What is life like for a railway porter? Akila Kannadasan visits Central and Egmore stations in the city to find out

“Paetti ellam kudukka mudiyadhu — I can’t give you an interview” snaps a senior porter at the Chennai Central railway station. He scurries across a crowded platform, his eyes searching for a customer. A train has just arrived, and he doesn’t want to waste even a minute. He is thin, with closely-cropped grey hair, and walks with a limp.

Look closely and you can see that a lot of senior porters limp — the result of carrying heavy loads on their heads and shoulders for years.

With a crinkled blood-red shirt and a towel around his neck, Devaraj, a 58-year-old porter, sits reading a Tamil newspaper by the display board. He is waiting for a train, which will hopefully be the source of his lunch money. “I came to work at 8 a.m. If I make money today, I eat lunch at the station. If not, it’s just tea,” he says.

There was a time when Devaraj singlehandedly carried luggage weighing up to 60kg. “It has come down to 30kg now, since I’m old,” he says. Trains; the smell of rust, urine and all things human; strident announcements of arrivals and departures; the screech of metal wheels on rails, passengers with demeanours ranging from pleasing to uncivil… the sights and sounds of the railway station have enveloped Devaraj for 40 years.

He made friends here; raised his children with the money he earned by carrying luggage for passengers. But it’s at the station that Devaraj met his worst enemy — bags with wheels. They help one carry luggage like a breeze. But for porters such as Devaraj, trolley bags mean more missed meals. “Most people prefer to carry their luggage themselves ever since these bags arrived,” he says. Ask any porter and he will tell you the same.

No day is the same for a railway porter. He makes up to Rs.500 some days; on others, he might have to go home with just Rs.100. “There are days, such as today, when we don’t make enough to even buy a cup of tea,” says Kumar.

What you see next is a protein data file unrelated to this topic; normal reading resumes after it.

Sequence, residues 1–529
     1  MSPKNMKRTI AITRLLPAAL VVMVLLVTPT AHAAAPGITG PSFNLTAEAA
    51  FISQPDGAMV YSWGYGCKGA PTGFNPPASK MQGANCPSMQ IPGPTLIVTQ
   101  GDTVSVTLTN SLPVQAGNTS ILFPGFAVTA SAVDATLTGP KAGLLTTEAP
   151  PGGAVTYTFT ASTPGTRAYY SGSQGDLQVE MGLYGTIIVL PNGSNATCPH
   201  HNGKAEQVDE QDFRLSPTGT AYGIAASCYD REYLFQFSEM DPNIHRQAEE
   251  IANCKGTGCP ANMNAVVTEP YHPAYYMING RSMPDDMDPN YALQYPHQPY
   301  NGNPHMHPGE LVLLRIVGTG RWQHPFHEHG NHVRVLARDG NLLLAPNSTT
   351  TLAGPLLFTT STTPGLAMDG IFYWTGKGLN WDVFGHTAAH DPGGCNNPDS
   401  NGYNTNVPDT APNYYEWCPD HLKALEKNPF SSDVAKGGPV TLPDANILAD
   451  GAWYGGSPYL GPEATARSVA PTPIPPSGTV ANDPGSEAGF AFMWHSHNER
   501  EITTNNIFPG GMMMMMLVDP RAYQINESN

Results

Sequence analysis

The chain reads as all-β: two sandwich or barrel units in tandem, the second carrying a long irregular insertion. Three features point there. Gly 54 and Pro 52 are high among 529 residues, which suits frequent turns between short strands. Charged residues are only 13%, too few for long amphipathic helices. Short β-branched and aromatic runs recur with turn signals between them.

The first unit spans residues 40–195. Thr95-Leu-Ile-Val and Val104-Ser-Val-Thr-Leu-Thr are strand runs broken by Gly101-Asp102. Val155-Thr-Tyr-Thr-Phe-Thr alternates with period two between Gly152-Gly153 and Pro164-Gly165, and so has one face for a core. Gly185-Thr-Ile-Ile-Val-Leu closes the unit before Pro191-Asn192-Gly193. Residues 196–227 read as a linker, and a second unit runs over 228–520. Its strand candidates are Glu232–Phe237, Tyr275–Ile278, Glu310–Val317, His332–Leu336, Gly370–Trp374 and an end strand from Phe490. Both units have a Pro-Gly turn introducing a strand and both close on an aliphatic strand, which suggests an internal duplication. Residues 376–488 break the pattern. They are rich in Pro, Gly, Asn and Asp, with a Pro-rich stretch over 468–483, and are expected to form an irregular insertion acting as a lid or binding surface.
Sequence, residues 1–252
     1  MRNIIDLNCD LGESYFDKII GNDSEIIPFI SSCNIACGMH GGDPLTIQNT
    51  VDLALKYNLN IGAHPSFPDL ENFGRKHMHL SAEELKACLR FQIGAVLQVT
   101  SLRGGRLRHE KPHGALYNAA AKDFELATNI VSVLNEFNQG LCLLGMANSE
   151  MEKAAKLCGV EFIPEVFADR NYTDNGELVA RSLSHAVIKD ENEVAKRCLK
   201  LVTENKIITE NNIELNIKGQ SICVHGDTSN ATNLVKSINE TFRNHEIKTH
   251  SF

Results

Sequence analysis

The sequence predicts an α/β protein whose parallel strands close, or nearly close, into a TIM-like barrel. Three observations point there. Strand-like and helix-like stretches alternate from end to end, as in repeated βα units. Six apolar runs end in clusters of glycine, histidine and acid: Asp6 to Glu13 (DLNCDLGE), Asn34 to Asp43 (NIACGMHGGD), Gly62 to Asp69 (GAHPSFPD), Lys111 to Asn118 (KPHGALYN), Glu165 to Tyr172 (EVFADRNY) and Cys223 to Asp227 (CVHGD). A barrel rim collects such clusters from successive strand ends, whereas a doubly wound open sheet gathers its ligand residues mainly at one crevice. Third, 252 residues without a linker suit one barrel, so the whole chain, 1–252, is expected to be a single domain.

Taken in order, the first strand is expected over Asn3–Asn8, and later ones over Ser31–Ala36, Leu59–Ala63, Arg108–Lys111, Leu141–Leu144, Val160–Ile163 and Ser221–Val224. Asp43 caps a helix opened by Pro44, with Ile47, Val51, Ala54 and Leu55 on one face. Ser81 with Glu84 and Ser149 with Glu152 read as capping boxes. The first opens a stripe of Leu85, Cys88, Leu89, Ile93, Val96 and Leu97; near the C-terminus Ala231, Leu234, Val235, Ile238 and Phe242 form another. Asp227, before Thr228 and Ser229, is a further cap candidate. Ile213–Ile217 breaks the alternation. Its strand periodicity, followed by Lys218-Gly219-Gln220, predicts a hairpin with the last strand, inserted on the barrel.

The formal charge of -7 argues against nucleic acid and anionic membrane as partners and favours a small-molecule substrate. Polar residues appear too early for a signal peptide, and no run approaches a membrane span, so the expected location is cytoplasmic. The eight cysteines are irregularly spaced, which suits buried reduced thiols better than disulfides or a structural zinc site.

Then there are days of excitement. Sometimes, when passengers make a dash for their train at the last minute, it’s porters who carry their load, literally. “We run with them, balancing their luggage,” says Nandakumar. “It’s our responsibility to make sure they catch the train. Or else, they will lose their money spent on the ticket, their leave from work…” Falls are quite common. When it rains, it’s the porter who suffers since the platforms become slippery. “But that’s part of the job,” says Natarajan from Egmore railway station. “Our knees wear out after years on the job,” adds Dakshinamoorthy. Though not directly employed by the Indian Railways, porters are licensed to provide their services at the railway station. They hold a licence that authorises them to work — these are passed on from father to son or son-in-law once he decides he is not fit enough to work. “I got mine from my father, who got it from my grandfather,” says Nandakumar. Sathish, however, applied for his licence and passed a physical test to acquire it. The 24-year-old, who works at Egmore, enjoys his job. “I get to help others by sharing their burden,” he says, fanning himself with his red towel after a long day’s work.

“Come to the station and observe us at work some day,” urges Dakshinamoorthy. “You can notice how some passengers rush to us to enquire about their train — despite the overhead displays,” he smiles.

Dakshinamoorthy quit a well-paying job to become a porter since he was tired of being answerable to his superiors. “I have peace of mind now. I can choose to work according to the timings I prefer,” he says. “Naane raja, naane mandhiri — I am the king, I am the minister.”

Weighty matters

Central Station is manned by around 300 porters, who have divided themselves into three batches. Each batch takes turns to wait on passengers at the taxi stand, the platforms and at the reservation building respectively. At Egmore railway station, there are around 130 porters who work in six batches with a mesthri or leader for each.